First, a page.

The strategy invites you to consider that Fresh Hope collectively needs facilities designed as ‘contextual place-making’ in key cities as a means to extend the Gospel to peoples from all cultures and races.
Contextual place-making has two orientations:
Firstly, we need churches to design new facilities that are places that fit their immediate context. Contextual places that are architected to fit the community needs of specific locations. Places that are made to orientate the demographic, geographic and sociological uniqueness of particular cities as vital witness and mission conduits for the Gospel. The goal is for the church’s facilities to be treasured and valued by the community as spiritual assets, places of hope and vibrant community.
“Strategic spatial planning is defined as: ‘a transformative and integrative public-sector led, and socio-spatial process through which visions/frames of reference, justification for coherent actions, and means for implementation are produced that shape and frame what a place is and what it might become.’ 
The key word in this definition is ‘place’. Place-making is an important discipline: an art and science, and churches need to consider the kind of ‘places’ they intend to build. Place-making is the art and science of developing public spaces that attract people, build community by bringing people together, and create local identity. This is the new future for church facilities.
Secondly, it is important to prioritise strategic locations (positional places) where city growth determines the necessity to be geographically positioned beyond 2050. Not every city will grow at the same rate (indeed, not every city will grow), but those in planning precincts are targeted for substantial infrastructure expenditure and population growth.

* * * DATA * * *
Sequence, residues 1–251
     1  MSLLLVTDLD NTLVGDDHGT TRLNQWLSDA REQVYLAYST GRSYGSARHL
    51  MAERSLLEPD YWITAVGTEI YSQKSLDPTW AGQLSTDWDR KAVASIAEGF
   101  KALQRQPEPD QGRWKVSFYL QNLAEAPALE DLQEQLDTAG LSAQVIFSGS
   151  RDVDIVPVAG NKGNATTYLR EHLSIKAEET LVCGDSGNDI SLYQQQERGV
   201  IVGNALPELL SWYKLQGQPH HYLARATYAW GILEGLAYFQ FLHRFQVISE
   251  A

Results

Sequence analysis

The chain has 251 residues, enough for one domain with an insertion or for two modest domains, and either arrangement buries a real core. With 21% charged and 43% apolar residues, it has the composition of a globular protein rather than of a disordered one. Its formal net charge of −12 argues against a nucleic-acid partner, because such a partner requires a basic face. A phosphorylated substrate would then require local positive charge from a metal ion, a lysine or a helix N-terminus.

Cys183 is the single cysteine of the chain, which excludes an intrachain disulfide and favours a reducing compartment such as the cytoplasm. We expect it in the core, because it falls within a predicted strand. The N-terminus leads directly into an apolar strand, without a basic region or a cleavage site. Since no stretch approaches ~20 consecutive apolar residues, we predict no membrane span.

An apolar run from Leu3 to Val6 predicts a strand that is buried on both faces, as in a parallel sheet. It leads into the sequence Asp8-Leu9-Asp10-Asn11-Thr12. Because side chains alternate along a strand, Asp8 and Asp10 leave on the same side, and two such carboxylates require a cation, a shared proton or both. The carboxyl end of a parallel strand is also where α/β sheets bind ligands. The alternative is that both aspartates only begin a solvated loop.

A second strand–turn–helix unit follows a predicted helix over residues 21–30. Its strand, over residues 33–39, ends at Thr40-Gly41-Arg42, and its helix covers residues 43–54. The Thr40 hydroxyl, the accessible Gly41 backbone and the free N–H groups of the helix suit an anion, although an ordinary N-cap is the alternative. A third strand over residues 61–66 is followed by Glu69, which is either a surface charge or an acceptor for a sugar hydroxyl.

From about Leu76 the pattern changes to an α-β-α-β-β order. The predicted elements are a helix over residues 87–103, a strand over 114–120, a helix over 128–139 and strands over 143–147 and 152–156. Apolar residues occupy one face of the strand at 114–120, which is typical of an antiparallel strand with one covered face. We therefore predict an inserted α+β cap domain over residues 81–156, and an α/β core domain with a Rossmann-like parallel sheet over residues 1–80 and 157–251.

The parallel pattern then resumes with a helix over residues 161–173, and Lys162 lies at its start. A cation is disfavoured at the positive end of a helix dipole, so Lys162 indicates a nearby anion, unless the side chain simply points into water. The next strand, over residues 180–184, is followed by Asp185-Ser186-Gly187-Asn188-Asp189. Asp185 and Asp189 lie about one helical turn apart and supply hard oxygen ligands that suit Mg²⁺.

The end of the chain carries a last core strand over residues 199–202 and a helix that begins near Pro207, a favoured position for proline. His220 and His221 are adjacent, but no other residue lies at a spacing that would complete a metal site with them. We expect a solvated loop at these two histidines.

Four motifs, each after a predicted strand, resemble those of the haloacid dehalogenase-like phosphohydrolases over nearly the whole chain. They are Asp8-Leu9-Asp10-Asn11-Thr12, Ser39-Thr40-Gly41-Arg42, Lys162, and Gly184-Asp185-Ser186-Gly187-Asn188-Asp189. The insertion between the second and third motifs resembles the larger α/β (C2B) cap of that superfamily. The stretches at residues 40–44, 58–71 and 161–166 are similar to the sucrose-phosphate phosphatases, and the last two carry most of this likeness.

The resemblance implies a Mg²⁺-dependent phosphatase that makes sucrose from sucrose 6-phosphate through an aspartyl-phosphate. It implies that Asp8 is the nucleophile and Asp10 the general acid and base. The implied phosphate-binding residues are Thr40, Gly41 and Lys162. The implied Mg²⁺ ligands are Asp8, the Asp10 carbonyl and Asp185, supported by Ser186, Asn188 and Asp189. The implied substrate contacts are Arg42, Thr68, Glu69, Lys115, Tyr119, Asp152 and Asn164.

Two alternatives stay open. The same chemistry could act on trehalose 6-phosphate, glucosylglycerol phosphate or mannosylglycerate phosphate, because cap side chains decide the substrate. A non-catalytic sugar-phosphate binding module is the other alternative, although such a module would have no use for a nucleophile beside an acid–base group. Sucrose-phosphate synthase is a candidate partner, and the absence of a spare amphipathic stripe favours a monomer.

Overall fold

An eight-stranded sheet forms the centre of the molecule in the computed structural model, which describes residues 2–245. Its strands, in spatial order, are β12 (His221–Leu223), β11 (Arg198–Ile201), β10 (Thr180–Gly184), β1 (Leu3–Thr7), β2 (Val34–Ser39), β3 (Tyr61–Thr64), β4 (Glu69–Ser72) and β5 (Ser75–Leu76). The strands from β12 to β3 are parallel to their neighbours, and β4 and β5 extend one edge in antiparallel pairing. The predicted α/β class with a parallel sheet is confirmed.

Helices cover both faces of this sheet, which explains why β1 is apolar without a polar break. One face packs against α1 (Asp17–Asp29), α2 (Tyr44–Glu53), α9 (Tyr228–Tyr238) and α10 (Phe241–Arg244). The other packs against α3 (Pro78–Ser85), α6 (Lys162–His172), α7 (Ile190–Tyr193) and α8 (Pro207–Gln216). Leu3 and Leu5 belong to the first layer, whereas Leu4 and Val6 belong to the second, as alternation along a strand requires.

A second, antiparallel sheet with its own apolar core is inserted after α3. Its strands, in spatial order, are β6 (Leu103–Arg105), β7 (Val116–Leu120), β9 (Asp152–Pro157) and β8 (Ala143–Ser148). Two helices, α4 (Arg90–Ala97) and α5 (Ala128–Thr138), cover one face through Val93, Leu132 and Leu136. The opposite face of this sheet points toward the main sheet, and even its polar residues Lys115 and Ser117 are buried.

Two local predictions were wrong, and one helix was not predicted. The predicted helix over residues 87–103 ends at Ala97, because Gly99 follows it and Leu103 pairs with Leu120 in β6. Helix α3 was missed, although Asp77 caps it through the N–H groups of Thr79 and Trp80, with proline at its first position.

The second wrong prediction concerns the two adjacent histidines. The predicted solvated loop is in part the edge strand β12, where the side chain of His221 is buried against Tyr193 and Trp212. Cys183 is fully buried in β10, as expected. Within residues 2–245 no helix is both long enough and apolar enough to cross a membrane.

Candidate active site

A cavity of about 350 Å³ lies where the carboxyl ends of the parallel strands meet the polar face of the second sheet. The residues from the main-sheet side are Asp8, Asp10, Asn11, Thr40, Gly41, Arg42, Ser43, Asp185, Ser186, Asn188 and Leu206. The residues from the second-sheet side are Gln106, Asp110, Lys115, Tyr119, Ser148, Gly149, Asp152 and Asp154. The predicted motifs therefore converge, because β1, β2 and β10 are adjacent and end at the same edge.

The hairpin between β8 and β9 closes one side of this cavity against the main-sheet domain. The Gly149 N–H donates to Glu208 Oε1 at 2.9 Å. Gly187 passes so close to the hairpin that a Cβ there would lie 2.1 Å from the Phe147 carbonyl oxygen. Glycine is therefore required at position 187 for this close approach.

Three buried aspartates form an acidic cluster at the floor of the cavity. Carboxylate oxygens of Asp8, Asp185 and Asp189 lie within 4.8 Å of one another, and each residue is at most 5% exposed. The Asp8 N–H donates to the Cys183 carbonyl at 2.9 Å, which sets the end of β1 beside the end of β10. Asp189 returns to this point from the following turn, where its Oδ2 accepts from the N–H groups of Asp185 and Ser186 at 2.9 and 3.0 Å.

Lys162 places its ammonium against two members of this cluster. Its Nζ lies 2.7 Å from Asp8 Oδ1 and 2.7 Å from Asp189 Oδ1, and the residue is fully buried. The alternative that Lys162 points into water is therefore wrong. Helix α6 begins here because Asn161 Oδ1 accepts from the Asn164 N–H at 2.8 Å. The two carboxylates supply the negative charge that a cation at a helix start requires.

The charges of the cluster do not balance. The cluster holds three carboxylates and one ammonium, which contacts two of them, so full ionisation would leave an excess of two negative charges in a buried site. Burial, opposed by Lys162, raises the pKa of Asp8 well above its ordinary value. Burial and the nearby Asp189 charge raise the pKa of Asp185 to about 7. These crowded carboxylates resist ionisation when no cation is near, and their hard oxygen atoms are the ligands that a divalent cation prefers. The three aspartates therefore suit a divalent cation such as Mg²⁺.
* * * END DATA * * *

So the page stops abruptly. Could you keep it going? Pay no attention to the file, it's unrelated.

There will be some small cities and towns, where we may choose not to have a presence. While we would love to saturate as many places as possible, our hearts recognise this is impossible given our scale. This is due in part to our lack of resources and the witness of other churches in those locations. Our theology will shape us to lean into our strengths, to pursue opportunities where we have spiritual leaders capable of impacting culture on mission for God. Our strategy will focus, align and orientate where God is already at work bringing growth and health in our movement.
In some cities, where churches are already positioned, we will always champion partnership rather than competition. We are resolute to encourage collaboration, and if appropriate consolidation of facilities to ensure our facilities provide the best possible environments for Christian witness to thrive.
There is at Fresh Hope, a desire that our facilities would make Jesus attractive and irresistible to all. We pray our motivation will glorify God and that at the end of the age a future generation will give thanks because we were emboldened in faith and partnership to move forward.
Thank you for taking time to examine this strategic theme and article. We believe the future of the church is critical and our capacity to envision and design new facilities paramount. This conversation should include both staff and key church leaders as you willingly open the door and allow new ideas to emerge.
We recommend the books listed at the end of this resource. We would be open to advise you on a key resource for you to study further depending on your context.
This article discusses planning future facilities for a generation beyond 2050. Why do you think it’s important to plan this far in advance?
Discuss together the relevance or suitability of your church’s buildings/facilities. Be prepared to listen and invite feedback. If you were to ask those not in your church but in your community what they thought of your buildings, what do you think they would say?
Often when people discuss the ‘church’ they refer to the physical buildings and confuse the difference. In this article we introduce the idea of ‘place-making’. Consider these two possibilities being:
1. It’s time to renovate your existing facilities. What kind of ‘place’ would you like to create?